Dimensions5.91 x 3.43 x 2.83 in
(15 x 8.71 x 7.18 cm)
5.91 x 3.43 x 2.83 in
(15 x 8.71 x 7.18 cm)
Weight6.7 oz (190 g)6.7 oz (190 g)
Wi-Fi BandwidthDual-band AX3000Dual-band AX1800
5GHz Wi-Fi Specs
(channel with)
2×2 AX: Up to 2.4Gbps
(20/40/80/160MHz)
2×2 AX: Up to 1.2Gbps
(20/40/80MHz)
2.4GHz Wi-Fi Specs
(channel with)
2×2 AX: Up to 574Mbps
(20/40 MHz)
2×2 AX: Up to 574Mbps
(20/40 MHz)
Backward Compatibility802.11a/b/g/n/ac 802.11a/b/g/n/ac 
Wireless SecurityWPA, WPA2, WPA3WPA, WPA2, WPA3
Mobile AppAsus RouterAsus Router
Web User InterfaceYesYes
Available Operating ModeAccess Point (AP)
Repeater (Extender)
Media Bridge
AiMesh Node
Access Point (AP)
Repeater (Extender)
Media Bridge
AiMesh Node
Mesh-ReadyYes (AiMesh 2.0) with wireless or wired backhaulYes (AiMesh 2.0) with wireless or wired backhaul
Gigabit Port1x LAN1x LAN
Multi-Gig PortNoneNone
Release DateFebruary 2023February 2021
Price (at Launch)$99.99$99.99
Asus RP-AX58 vs RP-AX56: Hardware specifications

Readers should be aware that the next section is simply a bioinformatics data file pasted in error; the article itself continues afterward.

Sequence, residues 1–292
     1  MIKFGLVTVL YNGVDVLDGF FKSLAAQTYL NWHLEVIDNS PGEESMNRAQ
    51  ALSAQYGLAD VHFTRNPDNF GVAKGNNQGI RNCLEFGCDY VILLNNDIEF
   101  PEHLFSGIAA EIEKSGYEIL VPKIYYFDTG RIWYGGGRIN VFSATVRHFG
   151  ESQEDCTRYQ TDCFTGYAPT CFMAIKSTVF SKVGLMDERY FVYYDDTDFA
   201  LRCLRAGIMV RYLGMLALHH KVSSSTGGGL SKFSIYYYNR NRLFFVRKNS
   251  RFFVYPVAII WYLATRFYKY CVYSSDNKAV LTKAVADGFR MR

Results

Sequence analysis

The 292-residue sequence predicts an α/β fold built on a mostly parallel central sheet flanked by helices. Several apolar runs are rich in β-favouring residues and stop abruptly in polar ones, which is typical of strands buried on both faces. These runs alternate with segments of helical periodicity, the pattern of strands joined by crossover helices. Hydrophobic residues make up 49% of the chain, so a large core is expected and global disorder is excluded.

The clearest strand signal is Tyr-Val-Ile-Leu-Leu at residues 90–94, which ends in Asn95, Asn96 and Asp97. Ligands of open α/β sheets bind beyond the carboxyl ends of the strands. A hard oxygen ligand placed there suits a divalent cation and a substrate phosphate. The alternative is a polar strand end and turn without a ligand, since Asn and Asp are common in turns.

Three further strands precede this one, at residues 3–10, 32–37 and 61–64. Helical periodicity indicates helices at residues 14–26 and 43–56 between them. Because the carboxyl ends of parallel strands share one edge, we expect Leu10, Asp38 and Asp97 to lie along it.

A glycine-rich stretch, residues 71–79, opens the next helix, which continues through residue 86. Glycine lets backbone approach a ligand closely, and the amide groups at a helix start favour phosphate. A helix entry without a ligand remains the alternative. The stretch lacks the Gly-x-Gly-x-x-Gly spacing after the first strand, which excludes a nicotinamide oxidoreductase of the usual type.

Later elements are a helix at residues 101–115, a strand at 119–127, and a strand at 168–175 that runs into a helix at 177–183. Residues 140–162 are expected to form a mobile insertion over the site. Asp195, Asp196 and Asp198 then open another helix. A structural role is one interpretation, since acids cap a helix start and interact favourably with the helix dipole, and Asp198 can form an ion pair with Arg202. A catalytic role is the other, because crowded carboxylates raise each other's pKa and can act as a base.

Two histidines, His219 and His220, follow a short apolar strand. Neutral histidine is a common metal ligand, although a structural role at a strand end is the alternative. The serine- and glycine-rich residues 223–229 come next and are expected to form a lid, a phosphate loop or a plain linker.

Asus RP-AX58 vs RP-AX56: The nuanced differences

On the surface, with the support for the 160MHz, the RP-AX58 is clearly better than the RP-AX56. In reality, that depends. The devil is in the details.

For one, if you live in an area where DFS channels can’t be used reliably, such as near an airport, the two are the same broadcasters. The RP-AX58 would use an 80MHz channel with a ceiling Wi-Fi bandwidth on the 5GHz band of 1.2Gbps anyway.

Secondly, if you use them via wired backhauling, which is recommended, their Gigabit port is the bottleneck. You’ll get the sustained rates of sub-Gigabit at most out of either, regardless of how fast their Wi-Fi speeds are.

Asus RP AX58 Extender working as a wireless mesh satellite
Asus RP-AX58 extender working as a wireless mesh satellite.

So, the only situation where the RP-AX58 is clearly better than the RP-AX56 is when:

  • You use it as a wireless extender / AiMesh satellite node or a media bridge. And
  • The use of the DFS channels is reliably available. And
  • The original broadcaster (router or AiMesh primary router) also supports 160MHz

So, it’s quite narrow the area where the RP-AX58 is better. But it never hurt to get it over the older model.